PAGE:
As a committee secretary, one of the most useful things you can do is review papers and think about the recommendation. Is it really the right recommendation for what the committee's being asked to do? So if a committee is being asked to make a decision, then they should be being asked to approve something, generally speaking. And one of the key things to bear in mind with that is, what you should be pushing paper authors to do is where particularly they are coming with a whole set of different options or scenarios, you should be expecting a paper author to come with a recommendation to follow one of those specific options based on their own professional expertise. Because what that does is it really helps committee members work with something rather than be confronted with a list of options and be asked to pick one. What we need is for paper authors to come forward with their own professional recommendation. A consider recommendation is generally where you're asking a committee to think over an issue. It might feed into a wider piece of work. You don't need a decision, but you might be, this might be a shaping stage for a piece of work where you need to consult on something that might be quite complex or might need to draw on different opinions.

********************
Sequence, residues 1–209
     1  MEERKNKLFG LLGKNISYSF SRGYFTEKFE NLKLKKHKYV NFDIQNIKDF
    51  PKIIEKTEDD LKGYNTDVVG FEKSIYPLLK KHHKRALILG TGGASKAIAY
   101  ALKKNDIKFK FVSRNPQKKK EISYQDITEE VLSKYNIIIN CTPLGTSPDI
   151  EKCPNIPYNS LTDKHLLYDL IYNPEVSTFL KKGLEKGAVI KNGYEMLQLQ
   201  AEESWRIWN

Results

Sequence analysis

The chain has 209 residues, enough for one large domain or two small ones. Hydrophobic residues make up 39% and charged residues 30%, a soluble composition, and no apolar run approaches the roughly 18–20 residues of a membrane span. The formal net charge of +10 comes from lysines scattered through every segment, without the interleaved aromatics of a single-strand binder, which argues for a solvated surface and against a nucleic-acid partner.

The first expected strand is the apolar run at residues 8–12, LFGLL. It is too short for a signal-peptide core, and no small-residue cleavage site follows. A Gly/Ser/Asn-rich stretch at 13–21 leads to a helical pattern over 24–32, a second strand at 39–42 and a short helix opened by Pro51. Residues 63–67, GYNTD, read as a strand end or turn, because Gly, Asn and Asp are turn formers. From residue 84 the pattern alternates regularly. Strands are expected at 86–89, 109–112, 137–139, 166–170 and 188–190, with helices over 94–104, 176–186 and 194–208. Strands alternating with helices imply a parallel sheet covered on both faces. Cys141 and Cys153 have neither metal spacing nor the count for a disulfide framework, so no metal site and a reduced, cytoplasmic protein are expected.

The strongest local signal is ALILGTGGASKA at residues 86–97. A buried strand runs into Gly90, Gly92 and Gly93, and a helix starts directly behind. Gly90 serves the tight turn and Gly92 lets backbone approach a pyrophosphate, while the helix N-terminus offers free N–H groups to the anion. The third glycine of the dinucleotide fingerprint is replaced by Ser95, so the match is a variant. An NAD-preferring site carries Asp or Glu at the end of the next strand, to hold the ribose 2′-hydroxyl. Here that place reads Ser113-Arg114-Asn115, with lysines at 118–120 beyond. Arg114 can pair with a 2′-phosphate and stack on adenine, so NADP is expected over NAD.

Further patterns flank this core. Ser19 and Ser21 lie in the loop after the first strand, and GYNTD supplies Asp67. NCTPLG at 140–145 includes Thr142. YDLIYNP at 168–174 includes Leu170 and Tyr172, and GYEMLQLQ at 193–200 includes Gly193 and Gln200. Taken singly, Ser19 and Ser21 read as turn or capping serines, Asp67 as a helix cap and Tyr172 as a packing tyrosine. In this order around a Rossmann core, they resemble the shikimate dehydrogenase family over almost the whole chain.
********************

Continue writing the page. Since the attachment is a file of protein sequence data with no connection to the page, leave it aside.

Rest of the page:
The final one is to note, and like I said before, that's really for something, that's for information, and it shouldn't be anything that requires action as well. So making it very clear what they are being asked to understand, and that should normally not really require much discussion either. So I just mentioned about one of the responsibilities of working with paper authors. Now I know that this can be quite a tricky thing to do because you're effectively a middle person between paper authors and a committee and a chair. And that can be quite a tricky position to be in a lot of the time. However, just as it is with working with chairs, relationships are really key. So you will probably get to know that you've got a handful of really key contributors to committees. They might be committee members themselves or they might be people that aren't on the committee, but they write a lot of papers for it. If you get to know them, you'll probably get to notice how much, how they like to work, how much notice they need before a paper is due, whether you can check, you know, at what point you can check in with them ahead of a meeting to make sure and offer advice about just quality checking that things like the cover sheet is completed properly.